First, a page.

The first board is cut a little long, with the long end overhanging the side of the deck. We'll go back and trim that at the end.

But the middle boards have to be precisely measured and cut to fit.

The last board is cut long as well so we can go back and trim the ends when all the boards are installed (we'll get to that in a second).

Decked Out

Once the first row is done, the next board just slides into the first row's hidden fasteners.

Decked Out

And then the next row of hidden fasteners are placed in the grooves.

Decked Out

And that row is screwed down.

Notice that the drills are at an angle? With the hidden fasteners system, you attach with screws at an angle, so as the screw is tightened, the board is pulled into place.

Pretty slick, eh?

Decked Out

Well, things did get very slick very fast after that.

With just a third of the deck done, we had to call it a day due to rain.

It ended up raining for quite a few days, so we worked on other things inside the Momplex.

And then back to decking ....

Decked Out

Once the decking was far enough out where I felt comfortable standing on it, I helped out with attaching the hidden fasteners. They are really easy to do, and by drilling at an angle, the boards consistently pulled into place just right.

Decked Out

Just in case you were wondering where she is.

Decked Out

After getting another few rows of boards up, guess what happened?

Yep, it rained. Again. For a few days.

And then we waited a few days for the sun to come out, and got another few rows of decking boards put up .. and then guess what happened?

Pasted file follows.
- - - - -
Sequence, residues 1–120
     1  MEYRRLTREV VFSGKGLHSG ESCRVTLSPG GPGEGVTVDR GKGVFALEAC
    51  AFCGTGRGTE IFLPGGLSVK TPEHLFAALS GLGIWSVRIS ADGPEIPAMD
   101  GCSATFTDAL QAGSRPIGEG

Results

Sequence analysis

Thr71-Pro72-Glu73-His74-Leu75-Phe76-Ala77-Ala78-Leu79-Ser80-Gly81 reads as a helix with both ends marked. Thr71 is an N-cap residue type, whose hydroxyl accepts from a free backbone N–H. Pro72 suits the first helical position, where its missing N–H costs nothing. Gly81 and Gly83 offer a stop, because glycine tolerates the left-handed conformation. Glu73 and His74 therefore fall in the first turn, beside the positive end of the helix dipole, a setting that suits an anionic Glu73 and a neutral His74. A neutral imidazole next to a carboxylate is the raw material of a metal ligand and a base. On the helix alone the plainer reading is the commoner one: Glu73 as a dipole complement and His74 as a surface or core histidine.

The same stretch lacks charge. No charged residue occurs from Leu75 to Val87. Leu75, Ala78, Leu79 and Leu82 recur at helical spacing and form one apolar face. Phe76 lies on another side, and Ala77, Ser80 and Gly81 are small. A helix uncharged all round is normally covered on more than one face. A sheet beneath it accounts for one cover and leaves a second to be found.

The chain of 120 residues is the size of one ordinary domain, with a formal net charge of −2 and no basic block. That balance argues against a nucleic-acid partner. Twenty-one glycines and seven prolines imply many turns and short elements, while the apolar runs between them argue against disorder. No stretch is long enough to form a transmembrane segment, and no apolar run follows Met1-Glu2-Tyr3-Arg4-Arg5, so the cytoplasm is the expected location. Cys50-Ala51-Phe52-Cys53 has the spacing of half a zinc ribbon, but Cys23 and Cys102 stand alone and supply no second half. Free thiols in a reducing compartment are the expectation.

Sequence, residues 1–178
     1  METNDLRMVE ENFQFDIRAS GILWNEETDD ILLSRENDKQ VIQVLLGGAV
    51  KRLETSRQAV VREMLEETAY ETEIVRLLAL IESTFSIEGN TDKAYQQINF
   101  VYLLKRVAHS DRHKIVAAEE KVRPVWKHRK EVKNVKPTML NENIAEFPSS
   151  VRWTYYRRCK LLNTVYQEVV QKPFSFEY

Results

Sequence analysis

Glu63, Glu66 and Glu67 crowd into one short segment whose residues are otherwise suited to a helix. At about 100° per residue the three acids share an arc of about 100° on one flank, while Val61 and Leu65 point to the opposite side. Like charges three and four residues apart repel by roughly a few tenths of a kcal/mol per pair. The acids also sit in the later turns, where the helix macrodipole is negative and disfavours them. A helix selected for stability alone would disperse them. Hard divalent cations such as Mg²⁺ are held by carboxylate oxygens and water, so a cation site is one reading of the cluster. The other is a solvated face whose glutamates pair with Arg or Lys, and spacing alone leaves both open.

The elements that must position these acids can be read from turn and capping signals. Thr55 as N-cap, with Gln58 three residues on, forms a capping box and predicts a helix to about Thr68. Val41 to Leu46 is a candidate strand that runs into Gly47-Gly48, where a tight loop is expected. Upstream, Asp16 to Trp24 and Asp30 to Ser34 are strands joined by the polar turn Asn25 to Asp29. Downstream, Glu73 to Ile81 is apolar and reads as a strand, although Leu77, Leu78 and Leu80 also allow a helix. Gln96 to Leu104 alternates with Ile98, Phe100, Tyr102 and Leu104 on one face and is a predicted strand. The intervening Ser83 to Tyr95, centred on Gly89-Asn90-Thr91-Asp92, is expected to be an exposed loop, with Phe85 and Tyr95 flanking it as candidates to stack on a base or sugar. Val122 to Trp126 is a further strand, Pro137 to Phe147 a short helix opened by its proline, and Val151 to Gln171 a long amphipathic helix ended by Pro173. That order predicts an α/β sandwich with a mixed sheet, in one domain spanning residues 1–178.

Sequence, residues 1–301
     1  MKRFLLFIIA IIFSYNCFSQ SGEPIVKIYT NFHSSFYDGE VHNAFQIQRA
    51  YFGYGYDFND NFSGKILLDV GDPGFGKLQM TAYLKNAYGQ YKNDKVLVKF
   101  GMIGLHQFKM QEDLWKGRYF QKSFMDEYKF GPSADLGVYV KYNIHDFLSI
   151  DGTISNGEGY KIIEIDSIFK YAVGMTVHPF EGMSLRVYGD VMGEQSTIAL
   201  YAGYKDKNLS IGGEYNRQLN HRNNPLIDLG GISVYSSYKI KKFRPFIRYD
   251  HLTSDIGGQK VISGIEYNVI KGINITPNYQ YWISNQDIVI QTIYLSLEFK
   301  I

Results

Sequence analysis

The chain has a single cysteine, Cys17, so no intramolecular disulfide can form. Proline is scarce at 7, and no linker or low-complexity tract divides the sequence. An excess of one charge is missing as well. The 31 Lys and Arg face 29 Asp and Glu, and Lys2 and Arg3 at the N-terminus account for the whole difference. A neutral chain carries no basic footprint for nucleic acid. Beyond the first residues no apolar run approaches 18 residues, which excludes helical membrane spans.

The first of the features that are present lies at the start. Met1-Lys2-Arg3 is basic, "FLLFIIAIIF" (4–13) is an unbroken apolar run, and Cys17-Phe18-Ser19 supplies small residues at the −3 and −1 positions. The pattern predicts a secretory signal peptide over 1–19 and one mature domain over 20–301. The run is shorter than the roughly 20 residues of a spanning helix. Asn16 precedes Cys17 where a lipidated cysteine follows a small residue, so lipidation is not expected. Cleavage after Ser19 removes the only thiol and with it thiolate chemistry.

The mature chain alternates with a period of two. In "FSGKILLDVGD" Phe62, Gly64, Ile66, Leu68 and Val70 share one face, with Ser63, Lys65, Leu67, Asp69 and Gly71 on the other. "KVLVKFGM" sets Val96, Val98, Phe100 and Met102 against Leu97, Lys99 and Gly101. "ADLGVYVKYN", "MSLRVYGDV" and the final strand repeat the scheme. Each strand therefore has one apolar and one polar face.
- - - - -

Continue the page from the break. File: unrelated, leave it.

Remember we are Alaskans ... and don't laugh when I tell you the Ram and I got heat stroke from working out on the deck. I know, remind me in a few months of this, will you?

So then we started working on a few boards in the morning before the sun hit the deck, and in the evening when the sun passed.

That took forever, because we would have to set all the tools up, just to get a few boards down, and then put all the tools away.

And then guess what happened????

Yes, we ran out of boards!

And we live 100 miles from the decking board store.

We are officially the worst deckers ever.

So then we had to wait until we made a trip up to the big city with the truck to grab a few more boards.

By now, it's August.

And we finally got the boards.

But then guess what happened?

Why, just a giant wildfire within miles of family property. So the Ram took a week off to fight fire ... and then of course, we couldn't work on the deck because of terrible smoke outdoors.

Try explaining all this to your Mom. By now, she's wondering if the last bit of exposed boards might just make a nice recessed flower pot.

And here we are, finally at the very last board, this last week.

Finally done.

Remember we let the end boards run long? We did this so we could cut them all off at the same time to the same length. We used a string line to mark the boards.

And the Ram cut the ends off with a circular saw.

I can hardly believe this project is done!

Well, we still got to go back and add fascia trim around the deck, then railing and stairs ... but at least for now, we can say, the decking is done.

Have you ever had a project like this? One that should only take a few days, but ends up taking a whole summer?